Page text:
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Polar Bears resort to cannibalism as Arctice ice shrinks

Marsha Walton details recent scientific findings on melting Arctic sea ice and the affect that the loss of such ice is having on Polar Bears.

  • Arctic Sea Ice levels are 30% below normal
  • Sea ice melt is a disaster for polar bears: as the ice melts, they are starving, drowning, and even resorting to cannibalism because they cannot access their usual food sources
  • 30 years ago, 7 million square km of ice would be left at the end of the Arctic summer - an area the size of the lower 48 United States. Today we've lost sea ice east of the Mississippi River and even beyond.
  • Dissapearance of ice cover in the Arctic can influence winds and preciptation on other continents, possibly leading to less rain in the western United States and more in Europe.

Polar bears resort to cannibalism as Arctic ice shrinks
By Marsha Walton
September 23, 2008

Summer is over in the northern hemisphere, but it's been another chilling season for researchers who study Arctic sea ice.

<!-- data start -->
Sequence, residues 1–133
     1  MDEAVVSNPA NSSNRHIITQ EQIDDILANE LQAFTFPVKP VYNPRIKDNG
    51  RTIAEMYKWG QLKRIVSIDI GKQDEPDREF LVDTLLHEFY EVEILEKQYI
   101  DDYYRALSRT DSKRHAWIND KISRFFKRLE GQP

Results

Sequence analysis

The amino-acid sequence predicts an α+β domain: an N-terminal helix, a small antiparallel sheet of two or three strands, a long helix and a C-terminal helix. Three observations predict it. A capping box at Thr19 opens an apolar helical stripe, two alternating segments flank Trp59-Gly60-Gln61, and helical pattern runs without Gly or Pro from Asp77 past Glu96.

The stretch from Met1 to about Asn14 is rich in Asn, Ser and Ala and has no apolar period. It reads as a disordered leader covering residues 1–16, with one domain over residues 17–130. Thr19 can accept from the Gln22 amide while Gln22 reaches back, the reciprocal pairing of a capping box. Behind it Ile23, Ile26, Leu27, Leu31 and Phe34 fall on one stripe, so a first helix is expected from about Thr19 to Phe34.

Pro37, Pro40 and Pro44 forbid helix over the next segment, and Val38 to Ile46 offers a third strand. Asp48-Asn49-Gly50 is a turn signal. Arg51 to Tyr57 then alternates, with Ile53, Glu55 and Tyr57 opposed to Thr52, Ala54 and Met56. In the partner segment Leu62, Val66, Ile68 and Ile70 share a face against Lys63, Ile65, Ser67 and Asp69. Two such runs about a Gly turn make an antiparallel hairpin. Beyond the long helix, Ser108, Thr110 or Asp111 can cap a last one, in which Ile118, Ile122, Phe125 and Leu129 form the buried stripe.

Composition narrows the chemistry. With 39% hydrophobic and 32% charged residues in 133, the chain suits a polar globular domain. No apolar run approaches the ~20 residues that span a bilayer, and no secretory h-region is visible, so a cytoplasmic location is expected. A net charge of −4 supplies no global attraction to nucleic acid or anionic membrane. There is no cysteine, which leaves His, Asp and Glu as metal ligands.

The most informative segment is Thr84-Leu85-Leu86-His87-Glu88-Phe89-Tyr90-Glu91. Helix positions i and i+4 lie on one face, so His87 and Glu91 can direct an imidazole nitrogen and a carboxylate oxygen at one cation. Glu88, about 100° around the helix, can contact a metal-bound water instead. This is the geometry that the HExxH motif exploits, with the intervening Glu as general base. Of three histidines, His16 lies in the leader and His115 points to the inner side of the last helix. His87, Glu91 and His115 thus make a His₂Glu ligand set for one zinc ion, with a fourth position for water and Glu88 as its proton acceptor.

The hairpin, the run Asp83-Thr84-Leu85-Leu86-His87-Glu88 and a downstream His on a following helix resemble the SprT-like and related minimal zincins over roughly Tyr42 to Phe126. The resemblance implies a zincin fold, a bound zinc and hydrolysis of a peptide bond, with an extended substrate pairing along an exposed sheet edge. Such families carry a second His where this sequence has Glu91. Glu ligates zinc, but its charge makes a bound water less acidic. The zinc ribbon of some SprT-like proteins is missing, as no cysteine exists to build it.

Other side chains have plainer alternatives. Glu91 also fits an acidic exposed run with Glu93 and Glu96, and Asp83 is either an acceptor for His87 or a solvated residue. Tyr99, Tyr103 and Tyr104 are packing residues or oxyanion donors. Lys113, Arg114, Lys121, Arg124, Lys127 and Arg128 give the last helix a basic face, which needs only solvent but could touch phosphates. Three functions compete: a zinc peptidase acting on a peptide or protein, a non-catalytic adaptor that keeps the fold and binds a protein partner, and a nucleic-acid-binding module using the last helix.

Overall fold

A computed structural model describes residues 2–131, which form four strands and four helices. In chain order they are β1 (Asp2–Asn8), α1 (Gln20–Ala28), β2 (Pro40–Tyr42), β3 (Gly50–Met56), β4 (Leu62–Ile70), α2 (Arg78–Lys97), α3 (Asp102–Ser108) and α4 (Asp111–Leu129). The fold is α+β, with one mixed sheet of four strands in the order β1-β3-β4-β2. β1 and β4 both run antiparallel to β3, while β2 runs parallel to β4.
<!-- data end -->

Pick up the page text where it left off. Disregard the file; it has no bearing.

"It's definitely a bad report. We did pick up little bit from last year, but this is over 30 percent below what used to be normal," said Walt Meier, a research scientist with the National Snow and Ice Data Center in Boulder, Colorado.

This past summer, the Arctic sea ice dwindled to its second lowest level. Arctic sea ice is usually 1 to 3 meters, or as much as 9 feet thick. It grows during autumn and winter and shrinks in the spring and summer.

Scientists have monitored sea ice conditions for about 50 years with the help of satellites. Changes in the past decade have been alarming to climate researchers and oceanographers.

"It is the second lowest on record. ... If anything, it is reinforcing the long-term trend. We are still losing the ice cover at a rate of 10 percent per decade now, and that is quite an increase from five years ago," Meier said. "We are still heading toward an ice cover that is going to melt completely in the summertime in the Arctic."

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